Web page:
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Towering Tales: How Chris Reed ’77, ’79 Engineered Memories at Rice

Towering Tales: How Chris Reed ’77, ’79 Engineered Memories at Rice
Chris Reed '77, '79 and Catherine Reed '77 '78

For many Rice Owls, the tree-lined university is the backdrop for learning, friendships and personal growth. For Chris Reed ’77, ’79, his Rice journey was deeply intertwined with the campus itself.

Chris’s adventure began his freshman year when he inherited his brother Barry’s ’73 role assisting in the Rice Memorial Center (RMC).

One evening, while locking up the RMC, Chris was alerted to a break-in attempt at the bell tower. After notifying the campus police, Chris decided to investigate himself. “I got curious,” he said. “What were they after? I got the key, opened the gate and thought, ‘This is awesome.’” Looking at the space inside the tower, Chris envisioned a transformation, saying, “Cement dust was an inch thick. But I saw it had promise.”

Chandelier

Chris got to work cleaning, painting and renovating the space. At the time, President Norman Hackerman had issued a moratorium on new construction while encouraging folks on campus to be creative using existing space. Chris took this edict to heart. He installed modern amenities, including electricity, a relay control system for the lights and a telephone line. He built a second-floor wraparound workbench where he often did homework and a third-floor loft bed above a self-plumbed kitchen. “I only slept there maybe a half dozen nights in five years,” he said, one of which was during a major flood.

The bell tower also featured a toilet, shower, rudimentary air conditioning and a refrigerator, which Chris elevated using a crane he built himself. “The refrigerator was too big to go from the bottom, so we had to hoist it up the outside and then lower it down from the top,” he said. “One summer night I had a couple of friends help me drag this thing out there. We got some strange looks.”

The tower wouldn’t be complete without a porch swing on the top, open level. “I decided it really needed a porch swing because what's a five-story bell tower without one?” Chris said. “I built the swing out of a bunch of two-by-fours and chains and whatnot. It was very lovely sitting up there swinging. I really enjoyed that.”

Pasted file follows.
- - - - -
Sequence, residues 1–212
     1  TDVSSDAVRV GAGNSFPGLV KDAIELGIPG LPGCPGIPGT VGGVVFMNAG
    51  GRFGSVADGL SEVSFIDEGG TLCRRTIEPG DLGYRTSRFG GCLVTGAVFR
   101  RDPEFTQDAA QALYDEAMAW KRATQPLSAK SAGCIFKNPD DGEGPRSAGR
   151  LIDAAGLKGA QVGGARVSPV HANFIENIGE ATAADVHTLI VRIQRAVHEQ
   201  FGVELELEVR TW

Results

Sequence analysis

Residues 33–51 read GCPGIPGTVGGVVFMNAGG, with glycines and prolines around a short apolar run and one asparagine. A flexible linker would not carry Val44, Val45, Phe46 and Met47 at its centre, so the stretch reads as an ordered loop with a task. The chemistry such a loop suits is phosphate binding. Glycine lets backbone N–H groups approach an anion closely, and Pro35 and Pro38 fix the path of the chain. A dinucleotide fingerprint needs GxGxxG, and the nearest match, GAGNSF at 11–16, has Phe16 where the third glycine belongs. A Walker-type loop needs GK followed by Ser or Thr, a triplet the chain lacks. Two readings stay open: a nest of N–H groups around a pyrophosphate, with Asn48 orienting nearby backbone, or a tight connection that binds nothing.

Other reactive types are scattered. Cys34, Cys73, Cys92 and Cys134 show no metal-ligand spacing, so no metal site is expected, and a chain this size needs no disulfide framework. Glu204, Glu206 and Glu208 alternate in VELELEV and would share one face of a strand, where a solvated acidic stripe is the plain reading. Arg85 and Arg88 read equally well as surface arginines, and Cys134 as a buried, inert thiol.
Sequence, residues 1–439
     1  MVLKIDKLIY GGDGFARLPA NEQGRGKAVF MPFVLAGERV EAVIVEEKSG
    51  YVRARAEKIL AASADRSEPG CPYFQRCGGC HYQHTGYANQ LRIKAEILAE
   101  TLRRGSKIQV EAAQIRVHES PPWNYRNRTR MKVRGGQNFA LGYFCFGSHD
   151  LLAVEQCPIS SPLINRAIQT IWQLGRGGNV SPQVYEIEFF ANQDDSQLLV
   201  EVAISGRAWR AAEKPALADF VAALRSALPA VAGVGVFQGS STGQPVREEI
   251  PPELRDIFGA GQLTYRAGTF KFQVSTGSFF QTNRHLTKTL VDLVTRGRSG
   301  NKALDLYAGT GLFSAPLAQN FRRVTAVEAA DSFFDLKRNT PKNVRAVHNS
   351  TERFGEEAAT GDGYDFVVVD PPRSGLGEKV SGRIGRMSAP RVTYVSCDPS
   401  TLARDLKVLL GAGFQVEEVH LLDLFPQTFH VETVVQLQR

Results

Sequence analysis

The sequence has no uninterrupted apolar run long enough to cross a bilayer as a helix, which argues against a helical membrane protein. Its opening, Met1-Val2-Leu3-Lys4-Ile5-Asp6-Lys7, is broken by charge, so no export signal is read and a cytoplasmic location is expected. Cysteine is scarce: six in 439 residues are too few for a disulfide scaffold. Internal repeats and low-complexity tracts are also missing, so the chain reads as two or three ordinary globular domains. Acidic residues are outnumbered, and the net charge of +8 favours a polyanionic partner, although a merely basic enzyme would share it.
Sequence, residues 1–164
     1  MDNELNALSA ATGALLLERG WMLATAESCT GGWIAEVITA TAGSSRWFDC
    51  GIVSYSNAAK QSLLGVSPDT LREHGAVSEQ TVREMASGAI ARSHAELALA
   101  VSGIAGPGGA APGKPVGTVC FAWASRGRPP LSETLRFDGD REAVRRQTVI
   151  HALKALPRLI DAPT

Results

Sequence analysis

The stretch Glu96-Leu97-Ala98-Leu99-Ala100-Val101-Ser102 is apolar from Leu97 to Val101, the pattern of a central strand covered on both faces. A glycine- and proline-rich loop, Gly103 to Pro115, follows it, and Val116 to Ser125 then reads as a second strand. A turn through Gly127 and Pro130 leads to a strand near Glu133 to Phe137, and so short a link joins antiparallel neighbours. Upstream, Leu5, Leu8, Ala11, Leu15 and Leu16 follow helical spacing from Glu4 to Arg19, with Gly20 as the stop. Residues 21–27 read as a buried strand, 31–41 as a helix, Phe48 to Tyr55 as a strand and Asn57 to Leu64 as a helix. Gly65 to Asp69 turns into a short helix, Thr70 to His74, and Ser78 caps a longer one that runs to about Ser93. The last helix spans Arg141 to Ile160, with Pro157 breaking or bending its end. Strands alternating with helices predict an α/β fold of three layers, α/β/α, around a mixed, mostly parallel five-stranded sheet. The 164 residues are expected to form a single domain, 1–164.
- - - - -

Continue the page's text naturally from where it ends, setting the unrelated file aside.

Chris’s creativity extended to salvaging a chandelier and ceiling fan (originally installed in the faculty chambers) rusting in Lovett Hall’s basement, which he meticulously restored and installed in the tower. His engineering prowess was later recognized when the fixture he installed found a new home in the Russ Pitman Tower in the Humanities Building, a testament to his ingenuity.

During his time at Rice, Chris established a great rapport with the campus police and administration. His work at the RMC, setting up events and fixing equipment, earned him the gratitude of the Food and Housing department, which gifted champagne for his wedding to Catherine ’77, ’78, who he met during O-Week.

Chris and Catherine
Photo by Walter Underwood '79

Knowledge of the bell tower’s existence eventually reached President Hackerman, who toured the building and commended Chris on his work, giving him permission to stay until he finished his degree.

Chris still fondly remembers the many ways Rice fostered his engineering skills, ingenuity and personal development. “I was the classic, shy nerd in high school, but managing people at the RMC helped prepare me for leadership roles. After I graduated and went to work for Schlumberger, they made me department head of 26 people within three and a half years of finishing college.”

Decades later, Chris and Catherine enjoy strolling around the campus that played a pivotal role in their lives, a testament to Rice’s transformative impact.